A total of 28,200 more recruits will be needed for the West Midlands construction industry by 2010 - 7,050 workers per year - according to a new report.
The Construction Skills Network report, published yesterday by Construction-Skills, forecast the sector would continue to experience strong growth, with output in the region expected to rise by an annual average of 1.9 per cent year on year.
It said the West Midlands had a need for both manual labour and managerial roles including carpenters and joiners, electricians, managers, clerical staff, architects, engineers, and other design and technical professionals.
The number of white collar workers the industry needs to recruit every year to 2010 in the region is forecast to be 2,900 - over 40 per cent of its annual workforce requirement.
However construction growth is expected to shift from the North to the South and East, driven by strong growth in the new build sector that includes some £36 billion of large projects including the Kings Cross redevelopments, ports projects at Shellhaven, Felixstowe and Harwich, the East London Line extension, Victoria Station redevelopment and the Olympics and Thames Gateway programmes.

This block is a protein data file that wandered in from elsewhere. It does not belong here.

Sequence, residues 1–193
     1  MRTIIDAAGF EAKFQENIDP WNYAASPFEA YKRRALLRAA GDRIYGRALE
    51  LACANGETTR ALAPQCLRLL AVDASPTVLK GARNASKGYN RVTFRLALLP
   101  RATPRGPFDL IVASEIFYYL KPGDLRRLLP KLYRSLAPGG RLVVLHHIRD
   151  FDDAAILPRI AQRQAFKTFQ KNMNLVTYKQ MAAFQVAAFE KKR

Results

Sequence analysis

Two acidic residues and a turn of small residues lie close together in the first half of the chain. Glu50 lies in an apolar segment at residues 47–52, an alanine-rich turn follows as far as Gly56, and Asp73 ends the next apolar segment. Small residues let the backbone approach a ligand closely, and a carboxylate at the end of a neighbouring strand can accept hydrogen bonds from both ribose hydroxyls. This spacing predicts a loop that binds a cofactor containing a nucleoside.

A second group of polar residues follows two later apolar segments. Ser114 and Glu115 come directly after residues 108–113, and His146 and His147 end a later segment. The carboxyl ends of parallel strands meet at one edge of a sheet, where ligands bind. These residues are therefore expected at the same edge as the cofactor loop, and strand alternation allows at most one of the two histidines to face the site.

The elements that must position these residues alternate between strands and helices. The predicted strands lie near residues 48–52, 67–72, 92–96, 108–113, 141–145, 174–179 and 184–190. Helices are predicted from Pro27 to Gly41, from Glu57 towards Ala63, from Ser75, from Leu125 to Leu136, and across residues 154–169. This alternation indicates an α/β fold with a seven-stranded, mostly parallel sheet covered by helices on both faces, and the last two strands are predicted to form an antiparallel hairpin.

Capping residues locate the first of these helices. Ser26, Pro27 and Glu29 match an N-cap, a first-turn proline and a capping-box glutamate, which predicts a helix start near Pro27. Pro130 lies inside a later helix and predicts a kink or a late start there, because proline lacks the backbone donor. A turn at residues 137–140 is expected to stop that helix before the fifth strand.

The report, contrary to popular myth, says the indications at this stage are that the Olympics programme will not impact on the successful completion of regional construction projects.
Although the Olympics programme is high profile, has a value of around £2.5 billion over the next seven years and will need an average workforce of 5,000 each year, peaking at 9,300 in 2010, it is not enough on its own to significantly boost output. It will account for only 0.2 per cent of the UK's total construction workforce between now and 2010.
The report says the West Midlands construction industry will experience growth across all sectors.
This will be driven by the effect of the M1 widening and water and sewerage programmes.
The region's commercial sector is forecast to see the strongest performance rising by 5.7 per cent on average each year thanks to redevelopment projects.